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Foods to bring luck, fertility and wealth

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If your background isn’t at least in part Chinese, and New Year’s to you was celebrated a month-plus ago, then you’re missing out on one of the coolest annual food celebrations there is.   

Chinese New Year -- which runs until Feb. 6., isn’t just about festive parades and flamboyant costumes.  At its core, it’s about gathering the family ‘round the table—and eating until you can eat no more.  

But Chinese or no, it’s pretty easy to incorporate a little New Year’s good fortune and positive symbolism onto your own dishes—because hey, who can’t use a little luck? And if it tastes good and brings the kids to the table, all the better.  

“Chinese New Year for all Chinese is very much like Thanksgiving in the United States, where no matter where you are, you go home. 

Whether you’re in Singapore, or overseas, the Chinese New Year is very, very much about family and coming back together,” explains chef Larry Reutens, owner of New York’s Masak in the East Village.  

Ruetens, who emigrated to the United States from Singapore eight years ago, opened his cozy, rustic-chic little neighborhood eatery at the tail end of August 2011.  

Reutens, who cut his chops at Gotham’s venerable Aquavit and the Tasting Room, brings his well-honed fine-dining sophisticated skills to the menu here, adding in some riffs that are less Singaporean and more modern-day epicurean in nature.  

But still, there was no way Reutens would miss out on introducing New Yorkers to the delights of the food traditions he holds near and dear.  

The New Year, based on the Chinese lunar and solar-guided calendar, begins with the first new moon in January and ends at the next full moon, making it a full-on two-week celebration. 

And while there are many ways the New Year is traditionally rung in, it’s the meaning of the ingredients in the traditional foods that are a big, delicious draw -- and it’s that first day of the two-week celebration that’s the big one where food truly matters.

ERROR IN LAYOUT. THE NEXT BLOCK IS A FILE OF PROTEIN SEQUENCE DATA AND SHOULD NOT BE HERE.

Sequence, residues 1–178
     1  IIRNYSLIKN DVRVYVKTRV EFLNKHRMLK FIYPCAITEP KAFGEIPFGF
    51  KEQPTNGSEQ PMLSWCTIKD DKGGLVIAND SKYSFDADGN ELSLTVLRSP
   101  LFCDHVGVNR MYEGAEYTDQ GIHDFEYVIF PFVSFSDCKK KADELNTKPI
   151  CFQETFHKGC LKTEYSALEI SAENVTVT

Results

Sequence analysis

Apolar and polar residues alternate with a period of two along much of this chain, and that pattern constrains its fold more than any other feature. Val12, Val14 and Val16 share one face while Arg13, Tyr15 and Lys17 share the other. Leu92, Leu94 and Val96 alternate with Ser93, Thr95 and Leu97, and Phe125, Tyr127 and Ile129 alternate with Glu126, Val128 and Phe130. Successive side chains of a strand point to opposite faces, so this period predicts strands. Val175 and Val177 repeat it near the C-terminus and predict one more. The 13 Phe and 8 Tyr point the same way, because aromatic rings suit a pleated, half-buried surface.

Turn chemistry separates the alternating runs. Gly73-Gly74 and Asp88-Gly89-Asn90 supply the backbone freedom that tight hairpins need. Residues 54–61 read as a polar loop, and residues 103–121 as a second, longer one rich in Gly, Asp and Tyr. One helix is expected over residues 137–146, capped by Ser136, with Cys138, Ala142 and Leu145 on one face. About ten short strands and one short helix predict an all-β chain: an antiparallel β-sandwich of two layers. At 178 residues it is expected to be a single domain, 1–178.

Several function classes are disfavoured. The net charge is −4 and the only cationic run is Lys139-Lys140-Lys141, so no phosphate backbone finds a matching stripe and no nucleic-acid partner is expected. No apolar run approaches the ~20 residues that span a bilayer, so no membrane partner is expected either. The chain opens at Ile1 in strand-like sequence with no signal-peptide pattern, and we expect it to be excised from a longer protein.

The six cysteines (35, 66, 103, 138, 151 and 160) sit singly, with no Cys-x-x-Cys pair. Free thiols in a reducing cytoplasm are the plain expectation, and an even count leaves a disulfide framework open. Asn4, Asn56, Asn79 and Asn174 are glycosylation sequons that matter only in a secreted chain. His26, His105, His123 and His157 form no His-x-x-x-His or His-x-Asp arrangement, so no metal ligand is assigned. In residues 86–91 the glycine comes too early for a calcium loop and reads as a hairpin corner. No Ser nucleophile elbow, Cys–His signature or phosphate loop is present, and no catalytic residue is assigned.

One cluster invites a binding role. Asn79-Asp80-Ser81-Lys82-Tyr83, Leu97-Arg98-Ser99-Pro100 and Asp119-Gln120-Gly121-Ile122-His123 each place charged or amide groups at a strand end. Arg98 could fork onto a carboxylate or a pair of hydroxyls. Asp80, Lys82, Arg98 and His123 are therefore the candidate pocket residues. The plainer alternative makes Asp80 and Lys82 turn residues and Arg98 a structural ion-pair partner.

The dishes served aren’t just about sustenance, though—there’s nary a plate on the table that doesn’t have some sort of symbol or meaning.  

“The entire Chinese New Year food tradition is so linked to a lot of these symbols, be it the kind of food, the color of food, or the name of food,” says Reutens.  

At Masak, Reutens created a special, dear-to-his-heart, multi-course menu that riffs on tradition. Like fried thin slices of arrowroot, bright orange-gold in color and addictively crunchy, with a nutty flavor that makes potato chips seem like greasy kid stuff.  

But more than a great pre-meal appetite-whetter, it’s their symbolism—their shape and hue are meant to recall an image of gold coins—that makes them part of the New Year’s meal.  Long, uncut noodles are meant to conjure long life, as do the bamboo mushrooms found in Reuten’s meal starter—a warm, delicately savory soup with the Asian fungi, crab, and dried scallops, which are meant to represent the opening of new horizons.  

For the main event, Reuten chose to pay homage to the traditional special-occasion fowl course—quail stuffed with rice, a hard-boiled, salted duck egg, and lotus seeds. The result: a dish that not only packs a lot of flavor, but a whole lot of symbolism, too.  

The egg represents fertility and a blessing of many children; the rice represents abundance, luck, and wealth. “In Chinese families, meat is a special kind of thing. The traditional diet has a lot of vegetables and very little meat – it’s a splurge to get meat, so chicken and duck are reserved for special occasions. For the New Year, you want to show you have enough, so families often splurge on it.”  

As for the lotus seeds, they, too, punctuate a special wish for the coming days. Reutens points out that in the Chinese language, many characters and words sound alike, and therefore find special meaning on the New Year’s table.  “Lotus seed in Chinese is lien tze – which sounds very close to the word or phrase for a having a child every year. So the lotus seeds infer a big family.”  

Shrimp is another popular protein on the holiday table, too, as much for its sweet, pink meat as its believed ability to coax happiness into the home through the sound of the word.  

In Chinese, shrimp is pronounced, ‘ha,’ Reuten says, which sounds, of course, a lot like laughter. Having shrimp is meant to bring joy into your home and your life. Which, of course, if you’ve got everyone sitting down, not arguing, and digging in, is a feat of luck you’ve already accomplished.  

“It’s the one day of the year where the extended family comes together and has a huge feast. That dinner, which is traditionally on New Year’s Eve or New Year’s Day, is called the Reunion dinner.  

Over the years, we would associate certain foods with that meal and those feelings of everyone coming together.  It makes you feel even more attached to those foods, and to each other. It’s a very happy time of year -- a celebratory time of year!” And a pretty delectable one, too.